Employers of maids, don't forget day off

Employers of maids, don't forget day off
Foreign maids spending their off day at the Botanic Gardens.

SINGAPORE - Only about a third of newer maids here get their mandatory weekly day off, and both employers and maids are responsible for the poor record.

Despite the requirement taking effect in January last year, some bosses here remain reluctant to comply, especially if they have had constant help at home, said employment agents.

They are supported, in some cases, by maids who prefer to be compensated instead of resting, because they want to earn more money.

"Most employers get a maid not as a luxury, but because they need the service for their family, for example to take care of aged family members," said Ms Carene Chin, managing director of maid agency Homekeeper.

Mr Jack Khoo, owner of WorldAsia Employment Agency, said seven in 10 employers ask him whether they can not give a day off. "But when we tell them it's a rule, they'll comply."

Some employers use the $5,000 security bond as an excuse, saying that if the maid goes out and misbehaves, they will lose the money, said Best Home Employment Agency owner Tay Khoon Beng.

"But it's not a good reason, because certain aspects of the rules have been relaxed," he added.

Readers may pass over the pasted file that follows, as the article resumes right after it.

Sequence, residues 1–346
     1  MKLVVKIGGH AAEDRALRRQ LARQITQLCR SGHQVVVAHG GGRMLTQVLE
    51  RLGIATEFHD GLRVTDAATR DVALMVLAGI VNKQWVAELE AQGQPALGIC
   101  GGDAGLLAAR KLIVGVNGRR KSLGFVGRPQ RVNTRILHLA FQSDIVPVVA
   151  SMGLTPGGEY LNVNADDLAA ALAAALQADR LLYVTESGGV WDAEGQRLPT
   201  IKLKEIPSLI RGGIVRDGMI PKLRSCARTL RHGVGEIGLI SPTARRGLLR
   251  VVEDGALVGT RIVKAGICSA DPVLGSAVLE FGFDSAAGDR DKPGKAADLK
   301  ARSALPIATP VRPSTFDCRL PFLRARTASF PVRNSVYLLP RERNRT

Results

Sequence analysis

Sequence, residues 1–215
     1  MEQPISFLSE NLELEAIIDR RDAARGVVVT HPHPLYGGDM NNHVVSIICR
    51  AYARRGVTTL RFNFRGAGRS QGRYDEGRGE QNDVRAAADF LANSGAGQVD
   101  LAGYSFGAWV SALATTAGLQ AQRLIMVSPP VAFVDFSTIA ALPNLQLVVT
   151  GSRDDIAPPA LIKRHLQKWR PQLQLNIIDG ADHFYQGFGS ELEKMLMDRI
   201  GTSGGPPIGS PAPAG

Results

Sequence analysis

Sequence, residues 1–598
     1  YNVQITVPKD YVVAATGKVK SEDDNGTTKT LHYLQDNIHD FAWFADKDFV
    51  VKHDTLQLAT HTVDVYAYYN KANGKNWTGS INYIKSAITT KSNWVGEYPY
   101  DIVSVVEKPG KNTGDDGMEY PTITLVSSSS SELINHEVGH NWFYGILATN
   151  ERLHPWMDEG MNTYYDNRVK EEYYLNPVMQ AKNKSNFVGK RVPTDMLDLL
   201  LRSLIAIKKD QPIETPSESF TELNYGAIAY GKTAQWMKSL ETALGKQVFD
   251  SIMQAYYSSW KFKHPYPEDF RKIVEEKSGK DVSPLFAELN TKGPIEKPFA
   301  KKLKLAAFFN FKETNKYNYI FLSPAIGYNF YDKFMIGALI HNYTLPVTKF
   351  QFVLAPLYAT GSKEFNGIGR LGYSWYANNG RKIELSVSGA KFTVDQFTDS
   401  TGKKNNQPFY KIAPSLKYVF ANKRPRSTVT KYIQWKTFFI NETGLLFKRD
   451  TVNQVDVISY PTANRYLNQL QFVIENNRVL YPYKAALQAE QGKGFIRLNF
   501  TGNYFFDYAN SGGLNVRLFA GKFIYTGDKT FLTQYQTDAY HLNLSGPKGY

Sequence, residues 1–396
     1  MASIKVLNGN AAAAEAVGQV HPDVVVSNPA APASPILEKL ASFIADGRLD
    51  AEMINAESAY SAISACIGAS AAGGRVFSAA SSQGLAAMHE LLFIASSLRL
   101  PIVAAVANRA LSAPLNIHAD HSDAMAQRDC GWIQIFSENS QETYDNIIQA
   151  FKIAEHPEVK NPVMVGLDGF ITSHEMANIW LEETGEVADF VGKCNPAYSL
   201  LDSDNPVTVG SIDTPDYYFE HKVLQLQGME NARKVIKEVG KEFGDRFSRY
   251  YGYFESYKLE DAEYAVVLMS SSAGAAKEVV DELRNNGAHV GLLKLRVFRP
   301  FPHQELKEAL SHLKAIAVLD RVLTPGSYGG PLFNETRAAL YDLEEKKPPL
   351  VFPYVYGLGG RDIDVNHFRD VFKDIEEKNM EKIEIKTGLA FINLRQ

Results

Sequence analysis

The Manpower Ministry said in Parliament on Monday that, of 2,000 maids surveyed who had come to Singapore to work for the first time last year, 37 per cent were receiving weekly days off, and 61 per cent received at least one day off per month.

The low take-up may also be because maids themselves request to get extra cash instead of days off. This is especially so in their first year because they want to pay off the placement fee, agents said.

"Most of them are very happy to get compensation in lieu and not go out at all, especially when they are still clearing their loan," said Madam Netty Chu, who owns Great Helpers.

Still, some agents remain optimistic that things will get better, especially as basic salaries are on the rise.

"There is a change - a lot of employers would rather not pay more, and would rather their maids go out," said Madam Chu.

Mr Tay said that the 37 per cent figure was a good one, as it has been only a year. "Maybe, by next year, it will shoot up," he added.

As contracts last two years, all maids will be on new contracts that have to abide by the new rule by January.

Executive assistant Michelle Teo, for instance, said she gives her maid a day off every week. "After a few days of hard work, it's time for her to take a break and go out. I trust her and I don't ask her who she mixes with," she said.

On their days off, maids can enjoy new facilities like a clubhouse set up by the Foreign Domestic Worker Association for Social Support and Training. About 200 maids have signed up so far.

This article by The Straits Times was published in MyPaper, a free, bilingual newspaper published by Singapore Press Holdings.


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